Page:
Roy Porter's impressive last work is a survey of the development of thinking about bodies and souls over "the long 18th century". The intellectual life of this century, the Enlightenment, was Porter's passion, and in Flesh in the Age of Reason he triumphantly defines and uncovers the gradual process of what John Locke called the "heroic vision of man making himself".
At the end of the 17th century, new scientific and philosophical ideas began to emerge that would transform accepted views of man, society and religion. Over the next hundred years, journalists, critics, social and political observers, poets, novelists and scientists "reformulated the problems of existence and made sense of the self, with a changing, and waning, reference to the soul". By the early 19th century modern, western attitudes to our bodies, our selves and our world had recognisably been formed.
Porter begins with a rereading of the key classical, medieval and Renaissance texts, discussing ideas of self-knowledge, reason and autonomy, Christian concepts of the soul, and medical and "scientific" theory. From this foundation, he explores Locke's revolutionary analysis of the nature of consciousness and identity, a doctrine "congenial to progressive aspirations and sensibilities", which marked the beginning of the Enlightenment.
Porter guides us through a galaxy of ideas, explaining, commenting on and making links between richly interdependent concepts of man's psychical and physical natures. The style of his sources ranges from the deliberate elegance of Addison's and Steele's Spectator through the celebration of venality in Bernard de Mandeville's Fable of the Bees to Samuel Johnson's anguished soul-searching and David Hume's serene, godless rationalism; indeed, the line-up is remarkable for the variety of the writers' occupations and obsessions. Where else but in Porter would art, literature, philosophy, science and medicine be explored with such even-handed enthusiasm and insight?
From these disparate blocks, Porter constructs an original, cohesive case. "I said, 'we were not stocks and stones' -," says Laurence Sterne's Walter Shandy, in one of Porter's epigrams, "'tis very well. I should have added, nor are we angels, I wish we were,- but men cloathed with bodies, and governed by our imaginations." This conflict between our soaring imaginations and the unruly, mysterious, fallible bodies they inhabit is Porter's principal theme.
His scholarship is peopled not with faceless originators of theses, but a collection of lively portraits. We meet the languid philosopher the Earl of Shaftesbury as a "noble teenager", studying under his tutor, John Locke, objecting to Hobbes's egalitarianism, and later dismissing doubts about selfhood and identity with "aristocratic cool". We encounter the autobiographer Edward Gibbon in thrall to an agonising, embarrassing condition that caused his scrotum to swell, nearly (as Porter wryly notes) "out-Shandying Tristram Shandy" in the drafting and redrafting of his memoirs. "The historian of Rome evidently found imagining himself trickier than appraising an empire," Porter writes. The fleshy materialist Erasmus Darwin dismisses religion as "superstitious hope" and proposes the idea of evolution (later demonstrated by his grandson Charles); William Blake and his wife sit naked in their garden in Lambeth, reciting passages from "Paradise Lost". "Come in!" Blake calls to their friend Thomas Butts. "It's only Adam and Eve, you know!"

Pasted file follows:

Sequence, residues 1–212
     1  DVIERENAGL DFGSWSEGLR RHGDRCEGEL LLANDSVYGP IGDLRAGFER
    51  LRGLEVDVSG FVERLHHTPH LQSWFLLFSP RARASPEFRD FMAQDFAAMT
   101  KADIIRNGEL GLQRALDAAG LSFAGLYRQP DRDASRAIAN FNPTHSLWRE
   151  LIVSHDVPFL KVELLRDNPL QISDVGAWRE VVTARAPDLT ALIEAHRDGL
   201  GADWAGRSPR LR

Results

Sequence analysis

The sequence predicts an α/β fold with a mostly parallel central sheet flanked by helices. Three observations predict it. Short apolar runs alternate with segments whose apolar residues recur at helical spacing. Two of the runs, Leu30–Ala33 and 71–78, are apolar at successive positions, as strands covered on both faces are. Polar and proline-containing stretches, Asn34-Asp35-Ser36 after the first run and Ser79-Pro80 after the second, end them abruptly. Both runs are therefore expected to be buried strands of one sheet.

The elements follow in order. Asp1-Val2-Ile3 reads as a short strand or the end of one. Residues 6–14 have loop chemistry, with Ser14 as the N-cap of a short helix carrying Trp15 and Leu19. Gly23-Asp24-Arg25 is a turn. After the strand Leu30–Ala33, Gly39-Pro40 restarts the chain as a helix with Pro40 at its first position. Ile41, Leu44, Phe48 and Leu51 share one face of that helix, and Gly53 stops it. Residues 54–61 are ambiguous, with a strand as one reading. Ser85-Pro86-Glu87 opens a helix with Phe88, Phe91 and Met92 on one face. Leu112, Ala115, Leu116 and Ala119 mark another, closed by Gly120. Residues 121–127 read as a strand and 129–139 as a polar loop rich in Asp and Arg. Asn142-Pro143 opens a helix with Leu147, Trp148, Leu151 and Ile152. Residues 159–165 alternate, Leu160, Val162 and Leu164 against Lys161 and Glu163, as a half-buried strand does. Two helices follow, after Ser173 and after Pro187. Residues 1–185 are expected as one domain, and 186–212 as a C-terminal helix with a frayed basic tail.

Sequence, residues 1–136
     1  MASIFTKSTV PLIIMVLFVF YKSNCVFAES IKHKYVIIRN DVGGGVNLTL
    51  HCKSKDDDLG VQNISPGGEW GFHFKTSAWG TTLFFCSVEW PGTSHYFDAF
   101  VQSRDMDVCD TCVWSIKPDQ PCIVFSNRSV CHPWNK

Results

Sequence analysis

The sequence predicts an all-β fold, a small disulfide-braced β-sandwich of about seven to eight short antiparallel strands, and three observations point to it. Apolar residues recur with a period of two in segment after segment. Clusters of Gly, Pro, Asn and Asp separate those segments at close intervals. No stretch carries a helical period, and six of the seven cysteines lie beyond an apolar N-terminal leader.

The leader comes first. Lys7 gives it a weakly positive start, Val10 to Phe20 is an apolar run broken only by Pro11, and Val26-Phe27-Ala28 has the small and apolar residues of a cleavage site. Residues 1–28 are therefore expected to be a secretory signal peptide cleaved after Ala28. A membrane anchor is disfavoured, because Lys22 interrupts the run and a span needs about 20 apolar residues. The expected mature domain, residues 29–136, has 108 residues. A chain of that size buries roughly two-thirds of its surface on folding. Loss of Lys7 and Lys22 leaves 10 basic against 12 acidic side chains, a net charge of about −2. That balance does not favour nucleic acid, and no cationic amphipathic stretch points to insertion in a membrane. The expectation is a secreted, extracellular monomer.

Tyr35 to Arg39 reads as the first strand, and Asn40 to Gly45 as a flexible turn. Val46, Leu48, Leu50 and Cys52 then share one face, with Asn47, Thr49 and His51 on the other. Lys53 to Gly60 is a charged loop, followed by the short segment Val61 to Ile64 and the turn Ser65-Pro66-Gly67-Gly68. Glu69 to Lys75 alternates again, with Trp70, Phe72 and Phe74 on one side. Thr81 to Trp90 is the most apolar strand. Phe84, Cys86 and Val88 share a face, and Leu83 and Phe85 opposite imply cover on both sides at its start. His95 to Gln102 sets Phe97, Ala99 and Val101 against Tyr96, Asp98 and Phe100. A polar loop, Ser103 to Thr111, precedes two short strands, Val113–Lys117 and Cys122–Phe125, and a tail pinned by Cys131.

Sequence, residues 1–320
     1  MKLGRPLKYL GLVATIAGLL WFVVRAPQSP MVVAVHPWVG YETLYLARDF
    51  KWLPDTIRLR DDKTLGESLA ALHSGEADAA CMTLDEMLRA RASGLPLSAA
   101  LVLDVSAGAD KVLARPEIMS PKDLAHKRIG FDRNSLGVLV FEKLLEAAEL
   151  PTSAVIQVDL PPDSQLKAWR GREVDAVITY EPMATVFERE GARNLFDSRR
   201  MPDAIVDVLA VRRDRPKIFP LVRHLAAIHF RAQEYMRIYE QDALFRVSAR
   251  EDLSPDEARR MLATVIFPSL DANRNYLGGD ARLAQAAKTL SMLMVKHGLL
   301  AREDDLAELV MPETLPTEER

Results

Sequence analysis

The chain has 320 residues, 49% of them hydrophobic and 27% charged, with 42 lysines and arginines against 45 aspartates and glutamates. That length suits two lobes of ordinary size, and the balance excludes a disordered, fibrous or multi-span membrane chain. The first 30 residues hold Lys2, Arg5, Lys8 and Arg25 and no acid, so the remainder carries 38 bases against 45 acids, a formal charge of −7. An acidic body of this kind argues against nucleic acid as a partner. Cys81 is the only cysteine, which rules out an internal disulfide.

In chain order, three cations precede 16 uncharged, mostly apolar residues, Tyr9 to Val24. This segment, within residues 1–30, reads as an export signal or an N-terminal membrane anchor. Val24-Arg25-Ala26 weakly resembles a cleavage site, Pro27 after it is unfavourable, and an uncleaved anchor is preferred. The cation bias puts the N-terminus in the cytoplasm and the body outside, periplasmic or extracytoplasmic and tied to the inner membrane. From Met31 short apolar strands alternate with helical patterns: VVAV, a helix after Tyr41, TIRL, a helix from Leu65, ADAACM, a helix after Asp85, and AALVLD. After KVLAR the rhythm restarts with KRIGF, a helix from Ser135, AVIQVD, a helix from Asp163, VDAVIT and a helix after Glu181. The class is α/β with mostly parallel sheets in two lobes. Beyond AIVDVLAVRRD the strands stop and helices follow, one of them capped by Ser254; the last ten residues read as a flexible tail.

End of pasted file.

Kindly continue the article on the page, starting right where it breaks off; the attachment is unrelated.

The attitudes that Porter discusses as he nears the end of the book are increasingly in tune with our own. The corpulent celebrity doctor George Cheyne advised his stressed patient Samuel Richardson to exercise upon a contraption of his own invention which he called a "chamber horse": a "long board supported on each end, with a chair in the middle which bounced up and down". Lord Byron, who was possibly anorexic, dieted to the point where he was repulsed by food and could live only on soda water and dry biscuits. "I wish I could leave off eating altogether," he declared. Aristocratic parents encouraged their daughters' faddish eating habits, unsuitable clothing and oversensitivity because pallor, thinness and an extreme appearance of physical fragility (a consumptive appearance) were the height of fashion. Samuel Taylor Coleridge's doctor Thomas Beddoes experimented on himself with the medical and psycho-tropic effects of new drugs and gasses, while Coleridge surrendered to a lifelong dependency on opium. Self-examination became first a philosophical pursuit and then a literary genre; private faults were transformed into art in works such as William Hazlitt's searing Liber Amoris, and translated into public social virtues by economists such as Adam Smith.
Flesh in the Age of Reason is intellectual history at its best and proof, if any were needed, of the essential Enlightenment belief that, as Simon Schama notes in his foreword, "though the body may perish, the mind does indeed live on".
Lucy Moore is the author of Amphibious Thing: the life of Lord Hervey (Viking)